A fish that can live out of water for up to six days and crawl across dry land is being closely watched by scientists as it moves towards Australia.
The aggressive Climbing perch has already overrun Australia’s two most northerly outposts – the Torres Strait islands of Boigu and Saibai – respectively just four and six kilometres south of the Papua New Guinea mainland.
Dr Nathan Waltham of James Cook University said it would now prove very difficult to eradicate from the two islands, despite only being first officially recorded there in late 2005.
He said there was also now evidence the freshwater fish could tolerate exposure to saltwater. "It does seem to be able to handle a little bit of salt. In our trip up there in December we found it in some hyper-saline water holes, so there is some ability to resist exposure."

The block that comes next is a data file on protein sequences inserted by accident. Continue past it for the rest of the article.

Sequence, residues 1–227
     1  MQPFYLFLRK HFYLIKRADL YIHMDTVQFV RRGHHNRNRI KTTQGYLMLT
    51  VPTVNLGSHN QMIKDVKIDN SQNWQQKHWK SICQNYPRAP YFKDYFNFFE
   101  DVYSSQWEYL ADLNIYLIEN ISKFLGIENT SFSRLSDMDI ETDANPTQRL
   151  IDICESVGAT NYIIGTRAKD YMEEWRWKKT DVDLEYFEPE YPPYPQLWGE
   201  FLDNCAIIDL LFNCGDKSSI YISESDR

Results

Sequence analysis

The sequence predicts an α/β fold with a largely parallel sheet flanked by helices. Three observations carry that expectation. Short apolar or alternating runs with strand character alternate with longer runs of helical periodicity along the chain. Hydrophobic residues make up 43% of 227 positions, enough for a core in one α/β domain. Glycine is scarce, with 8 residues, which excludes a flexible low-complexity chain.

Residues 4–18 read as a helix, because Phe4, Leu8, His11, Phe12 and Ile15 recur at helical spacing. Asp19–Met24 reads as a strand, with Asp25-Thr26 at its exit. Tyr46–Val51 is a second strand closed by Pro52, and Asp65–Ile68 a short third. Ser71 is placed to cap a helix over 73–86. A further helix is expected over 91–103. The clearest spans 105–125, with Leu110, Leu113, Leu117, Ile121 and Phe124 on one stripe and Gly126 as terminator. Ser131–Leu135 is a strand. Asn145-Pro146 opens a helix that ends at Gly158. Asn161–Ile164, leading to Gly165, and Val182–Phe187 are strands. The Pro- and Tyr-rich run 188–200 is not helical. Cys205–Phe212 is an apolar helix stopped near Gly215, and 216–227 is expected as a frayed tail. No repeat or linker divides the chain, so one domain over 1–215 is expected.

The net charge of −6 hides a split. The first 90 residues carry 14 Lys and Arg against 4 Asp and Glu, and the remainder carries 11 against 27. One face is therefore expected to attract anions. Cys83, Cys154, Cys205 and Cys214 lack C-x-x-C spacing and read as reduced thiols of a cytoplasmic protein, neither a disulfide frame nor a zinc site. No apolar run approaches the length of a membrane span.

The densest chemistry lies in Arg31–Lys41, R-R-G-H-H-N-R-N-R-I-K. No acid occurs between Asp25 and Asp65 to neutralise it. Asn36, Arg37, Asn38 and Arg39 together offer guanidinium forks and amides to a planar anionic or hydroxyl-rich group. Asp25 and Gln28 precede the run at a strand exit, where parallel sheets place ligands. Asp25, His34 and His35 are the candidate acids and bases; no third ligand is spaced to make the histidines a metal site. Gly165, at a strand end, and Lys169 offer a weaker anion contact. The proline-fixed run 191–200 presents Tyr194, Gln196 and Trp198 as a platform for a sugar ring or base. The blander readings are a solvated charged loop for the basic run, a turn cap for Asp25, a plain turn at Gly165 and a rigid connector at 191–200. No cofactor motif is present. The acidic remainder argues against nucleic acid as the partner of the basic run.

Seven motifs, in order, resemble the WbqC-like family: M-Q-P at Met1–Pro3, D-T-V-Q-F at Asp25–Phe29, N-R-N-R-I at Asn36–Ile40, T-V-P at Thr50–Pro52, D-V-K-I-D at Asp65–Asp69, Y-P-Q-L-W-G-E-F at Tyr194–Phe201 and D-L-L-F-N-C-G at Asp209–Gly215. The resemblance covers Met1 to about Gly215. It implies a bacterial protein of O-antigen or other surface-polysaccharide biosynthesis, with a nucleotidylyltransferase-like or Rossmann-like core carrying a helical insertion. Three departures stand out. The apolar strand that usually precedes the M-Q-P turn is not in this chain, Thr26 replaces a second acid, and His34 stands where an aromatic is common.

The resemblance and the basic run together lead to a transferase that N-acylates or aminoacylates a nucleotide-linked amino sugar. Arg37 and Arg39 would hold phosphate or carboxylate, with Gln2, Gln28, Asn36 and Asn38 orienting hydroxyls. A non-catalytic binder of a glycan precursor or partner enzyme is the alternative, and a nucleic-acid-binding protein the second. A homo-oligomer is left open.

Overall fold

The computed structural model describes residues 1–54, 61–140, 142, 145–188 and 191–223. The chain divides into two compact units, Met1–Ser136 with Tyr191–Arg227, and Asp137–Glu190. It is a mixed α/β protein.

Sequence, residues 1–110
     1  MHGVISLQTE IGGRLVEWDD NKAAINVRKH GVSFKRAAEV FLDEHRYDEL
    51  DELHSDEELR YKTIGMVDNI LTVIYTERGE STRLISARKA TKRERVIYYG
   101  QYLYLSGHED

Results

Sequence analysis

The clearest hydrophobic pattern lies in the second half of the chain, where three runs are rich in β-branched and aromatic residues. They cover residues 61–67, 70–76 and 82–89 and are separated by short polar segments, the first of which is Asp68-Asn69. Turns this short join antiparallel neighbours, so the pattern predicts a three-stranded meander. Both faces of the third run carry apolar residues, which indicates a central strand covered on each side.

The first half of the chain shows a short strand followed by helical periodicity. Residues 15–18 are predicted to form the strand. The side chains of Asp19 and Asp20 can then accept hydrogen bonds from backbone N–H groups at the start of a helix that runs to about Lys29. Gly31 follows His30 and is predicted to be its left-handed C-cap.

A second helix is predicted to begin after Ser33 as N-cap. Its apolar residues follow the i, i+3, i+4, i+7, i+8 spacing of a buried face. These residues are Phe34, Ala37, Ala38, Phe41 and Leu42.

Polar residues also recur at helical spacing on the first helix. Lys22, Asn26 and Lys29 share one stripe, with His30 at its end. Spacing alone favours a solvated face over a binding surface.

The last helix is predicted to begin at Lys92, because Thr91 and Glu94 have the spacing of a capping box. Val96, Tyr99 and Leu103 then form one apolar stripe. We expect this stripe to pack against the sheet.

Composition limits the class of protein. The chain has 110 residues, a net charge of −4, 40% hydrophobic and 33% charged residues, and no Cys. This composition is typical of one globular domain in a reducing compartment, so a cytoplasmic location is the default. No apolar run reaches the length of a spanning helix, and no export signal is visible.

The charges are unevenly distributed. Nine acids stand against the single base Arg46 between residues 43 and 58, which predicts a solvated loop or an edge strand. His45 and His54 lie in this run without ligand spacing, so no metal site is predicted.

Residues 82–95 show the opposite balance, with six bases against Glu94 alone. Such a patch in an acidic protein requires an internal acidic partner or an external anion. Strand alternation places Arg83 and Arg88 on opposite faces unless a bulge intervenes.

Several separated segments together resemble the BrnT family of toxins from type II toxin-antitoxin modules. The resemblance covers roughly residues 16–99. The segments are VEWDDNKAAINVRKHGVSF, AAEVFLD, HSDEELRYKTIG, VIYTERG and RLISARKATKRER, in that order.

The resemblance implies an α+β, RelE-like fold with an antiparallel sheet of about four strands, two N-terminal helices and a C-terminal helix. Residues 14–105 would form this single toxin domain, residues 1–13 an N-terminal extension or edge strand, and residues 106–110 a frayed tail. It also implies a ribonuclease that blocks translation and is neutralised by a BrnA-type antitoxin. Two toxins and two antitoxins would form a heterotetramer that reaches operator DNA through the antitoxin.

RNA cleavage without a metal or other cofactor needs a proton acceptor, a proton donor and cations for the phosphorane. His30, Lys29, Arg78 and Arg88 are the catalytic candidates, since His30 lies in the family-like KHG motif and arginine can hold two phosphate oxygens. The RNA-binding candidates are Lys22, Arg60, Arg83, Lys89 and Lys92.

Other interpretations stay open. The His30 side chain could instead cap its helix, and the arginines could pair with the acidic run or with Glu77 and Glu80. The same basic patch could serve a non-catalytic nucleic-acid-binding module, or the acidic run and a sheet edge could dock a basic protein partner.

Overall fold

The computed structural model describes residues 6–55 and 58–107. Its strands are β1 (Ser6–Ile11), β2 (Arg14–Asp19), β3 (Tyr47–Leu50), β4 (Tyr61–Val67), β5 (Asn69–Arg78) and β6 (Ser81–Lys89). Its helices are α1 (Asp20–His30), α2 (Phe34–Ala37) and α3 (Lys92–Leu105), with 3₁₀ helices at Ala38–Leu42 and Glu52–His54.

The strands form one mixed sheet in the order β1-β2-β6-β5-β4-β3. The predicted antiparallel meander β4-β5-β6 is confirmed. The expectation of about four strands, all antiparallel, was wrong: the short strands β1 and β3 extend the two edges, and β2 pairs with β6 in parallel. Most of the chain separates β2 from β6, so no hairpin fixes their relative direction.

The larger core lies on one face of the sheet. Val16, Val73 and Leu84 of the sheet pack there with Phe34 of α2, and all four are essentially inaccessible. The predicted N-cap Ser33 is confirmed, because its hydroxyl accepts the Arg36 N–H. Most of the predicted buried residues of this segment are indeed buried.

The fish drags itself from waterhole to waterhole and is very invasive, outcompeting native species once it is established in a new environment. It is extremely hardy, and has been known to hibernate in the mud of dried-up creek beds for up to six months. It has been witnessed swelling up when swallowed by larger predators, blocking their throats so they either choke or starve.
Dr Waltham said the perch may have come to Boigu and Saibai on a surge of fresh water from flooding rivers in the nearby Papua New Guinea mainland. But its ability to live in saltwater was a concern, in terms of it moving closer to Cape York and becoming established in mainland Australia.
"I still think the chances of it getting to Australia by swimming are quite low," said Dr Waltham. "There is more chance it will arrive in the bottom of a fishing boat or as discarded live-bait fish."
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